I was recently invited to attend Gestalt IT’s Storage Field Day 26 event in conjunction with SNIA’s Storage Developer Conference in Fremont, CA. Through the SFD26 event we heard from

  • ctera, talking about their distributed object to block filer gateway and caching system and their new security focused capabilities that overlay it
  • Solidigm (the artist formerly known as Intel SSD by way of SK Hynix), who was talking about their high density, low(er) cost QLC SSDs
  • And SNIA (now a word, not an acronym), who highlighted their view of the state of the industry and put forth some of their new research projects.
Storage Field Day 26 Delegates at SDC2023

I’ll be honest, I’m not exactly a storage systems subject matter expert but I am a long time consumer of storage systems. Of late would definitely consider myself “storage adjacent” as my work has largely revolved around backups and data protection. I say that to say that going to an event like this was very much so a kick into the deep end of the pool. There were things that blew my mind (CXL and DNA based storage media) but also things which were completely in my lane such as the session advocating for S3 to become a standards based protocol.

In this series of posts I’ll be covering the event and the presenting organizations starting with some take aways that I had from SNIA’s Storage Developer Conference.

What Is Old Is New Again

If you are like me and storage is at best a secondary technology for your attention you may have heard the of Compute Express Link (CXL) but maybe not the adjacent term that was everywhere at the event, storage class memory. As I’ve sat through a number of sessions and read the excellent primer by Andy Banta I’ve come to think of them as 2 sides of the same coin; CXL is putting expanded memory onto the PCIe bus and thus making it possible to radically scale the amount of RAM that can be available to a system and heavily cached RAM packaged as storage on the PCIe bus sold as storage class memory.

So why does this matter? It comes down to what leverage you need to expand for your need. If you need to have more RAM available per computing processor the CXL path is more appropriate. If you need ultra fast storage to either meet a specific workload need or to act as part of a tiered storage system such as the proposed SEF standard storage class memory may be more your target.

In both of these cases it is definitely early days of actually seeing it in the wild. CXL is rapidly working its way through the versions of the standard with the forthcoming 3.0 release being the one that I think will be the one that starts to see more widespread adoption by providers and even wider use cases. With storage class memory it first came onto the scene with Intel’s Optane memory products which were then quickly killed in spin out to what was eventually Solidigm but possibly because it was an idea that was too expensive and too soon. That said with the just announced DL7-P5810 from the aforementioned Solidigm it appears they are ready to try again.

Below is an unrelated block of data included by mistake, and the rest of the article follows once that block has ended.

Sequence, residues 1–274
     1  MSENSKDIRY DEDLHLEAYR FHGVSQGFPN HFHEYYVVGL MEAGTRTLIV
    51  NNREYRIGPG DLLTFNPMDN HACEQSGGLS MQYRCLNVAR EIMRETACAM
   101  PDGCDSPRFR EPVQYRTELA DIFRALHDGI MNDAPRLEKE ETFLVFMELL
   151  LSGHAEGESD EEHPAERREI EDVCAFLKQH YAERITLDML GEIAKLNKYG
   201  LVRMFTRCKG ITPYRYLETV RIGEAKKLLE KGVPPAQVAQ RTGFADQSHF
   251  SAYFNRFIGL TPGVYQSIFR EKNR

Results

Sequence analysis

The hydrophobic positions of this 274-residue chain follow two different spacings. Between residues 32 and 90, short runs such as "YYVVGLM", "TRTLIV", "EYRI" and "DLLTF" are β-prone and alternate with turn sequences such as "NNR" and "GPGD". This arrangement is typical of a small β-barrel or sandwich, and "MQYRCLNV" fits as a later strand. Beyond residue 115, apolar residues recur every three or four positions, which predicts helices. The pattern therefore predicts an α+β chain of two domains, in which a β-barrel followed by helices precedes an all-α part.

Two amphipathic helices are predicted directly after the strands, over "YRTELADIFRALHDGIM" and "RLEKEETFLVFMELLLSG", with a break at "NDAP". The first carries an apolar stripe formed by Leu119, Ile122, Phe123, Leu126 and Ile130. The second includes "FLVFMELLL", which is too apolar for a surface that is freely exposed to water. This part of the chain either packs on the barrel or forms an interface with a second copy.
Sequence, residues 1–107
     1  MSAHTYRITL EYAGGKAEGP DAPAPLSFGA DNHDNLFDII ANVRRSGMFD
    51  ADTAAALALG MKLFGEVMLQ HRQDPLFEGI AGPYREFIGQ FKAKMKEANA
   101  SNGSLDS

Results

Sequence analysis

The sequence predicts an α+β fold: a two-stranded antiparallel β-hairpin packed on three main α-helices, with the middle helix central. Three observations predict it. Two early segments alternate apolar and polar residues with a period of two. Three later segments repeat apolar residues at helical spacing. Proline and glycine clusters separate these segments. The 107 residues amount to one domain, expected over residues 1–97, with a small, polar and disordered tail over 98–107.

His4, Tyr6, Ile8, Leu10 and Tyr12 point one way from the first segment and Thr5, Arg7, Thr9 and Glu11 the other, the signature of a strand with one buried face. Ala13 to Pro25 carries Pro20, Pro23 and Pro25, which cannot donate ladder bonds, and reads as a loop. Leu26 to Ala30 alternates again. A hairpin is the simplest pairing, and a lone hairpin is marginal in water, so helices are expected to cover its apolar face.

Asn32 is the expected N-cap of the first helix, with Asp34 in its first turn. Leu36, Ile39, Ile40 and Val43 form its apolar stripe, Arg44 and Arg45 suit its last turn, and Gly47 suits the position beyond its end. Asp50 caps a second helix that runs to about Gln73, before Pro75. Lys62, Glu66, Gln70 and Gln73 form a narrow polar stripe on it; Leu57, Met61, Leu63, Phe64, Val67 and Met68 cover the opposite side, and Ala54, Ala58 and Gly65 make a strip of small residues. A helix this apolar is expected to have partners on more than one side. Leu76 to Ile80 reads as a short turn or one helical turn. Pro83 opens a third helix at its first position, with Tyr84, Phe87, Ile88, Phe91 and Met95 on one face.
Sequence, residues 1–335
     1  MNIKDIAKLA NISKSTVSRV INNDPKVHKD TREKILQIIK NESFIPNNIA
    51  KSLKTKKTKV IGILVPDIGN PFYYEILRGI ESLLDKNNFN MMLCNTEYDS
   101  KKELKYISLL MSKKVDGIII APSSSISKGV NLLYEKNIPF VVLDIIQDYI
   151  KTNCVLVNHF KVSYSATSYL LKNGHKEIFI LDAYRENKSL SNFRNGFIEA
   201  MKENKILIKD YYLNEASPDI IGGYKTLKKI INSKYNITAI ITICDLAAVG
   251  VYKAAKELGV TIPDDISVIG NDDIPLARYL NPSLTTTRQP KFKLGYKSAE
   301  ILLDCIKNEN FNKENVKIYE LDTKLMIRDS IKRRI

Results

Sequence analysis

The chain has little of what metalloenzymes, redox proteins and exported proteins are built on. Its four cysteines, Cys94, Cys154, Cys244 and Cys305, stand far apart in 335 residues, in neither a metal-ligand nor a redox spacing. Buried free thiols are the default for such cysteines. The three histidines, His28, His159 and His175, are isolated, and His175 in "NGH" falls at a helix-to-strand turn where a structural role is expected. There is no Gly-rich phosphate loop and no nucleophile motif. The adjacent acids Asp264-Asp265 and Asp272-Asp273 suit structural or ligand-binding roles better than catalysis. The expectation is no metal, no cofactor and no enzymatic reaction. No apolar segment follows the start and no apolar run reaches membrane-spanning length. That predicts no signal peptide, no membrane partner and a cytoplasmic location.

What was interesting to me was to hear all the talk about CXL, and memory/flash tiered systems such as the Software Enabled Flash standard being proposed is they are both new approaches to old conversations we’ve been having in the virtualization space for years. CXL is being born from the idea that there as always there is usually a need for more RAM capacity than processing power and it’s essentially creating a software defined memory scale out capability. Sound familiar?

Conversely Software Enabled Flash and any of the other concepts that will allow for tiering Storage Class Memory or even the various classes of SSD is very much so the same considerations as what those of us buy CS series Nimble arrays last decade were taking.

In the end a lot of the software defined conversations present in the modern storage space are the same ones we’ve been having for the past 10-15 years, we just now want to do things much, much faster.


In the end the technologies around the storage industry continue to evolve, giving us the ability to read and write data in unfathomable quanities while continuing to make it faster and smaller. But while the technology to create storage changes, the ways we consume it, the ways we present it, the ways we leverage its capabilities seems very cyclical to me. In the end I’m very curious to see where we go from here.

In the next post I will look at how companies such as Solidigm are pushing the traditional hard disk further into the recycling bin of history.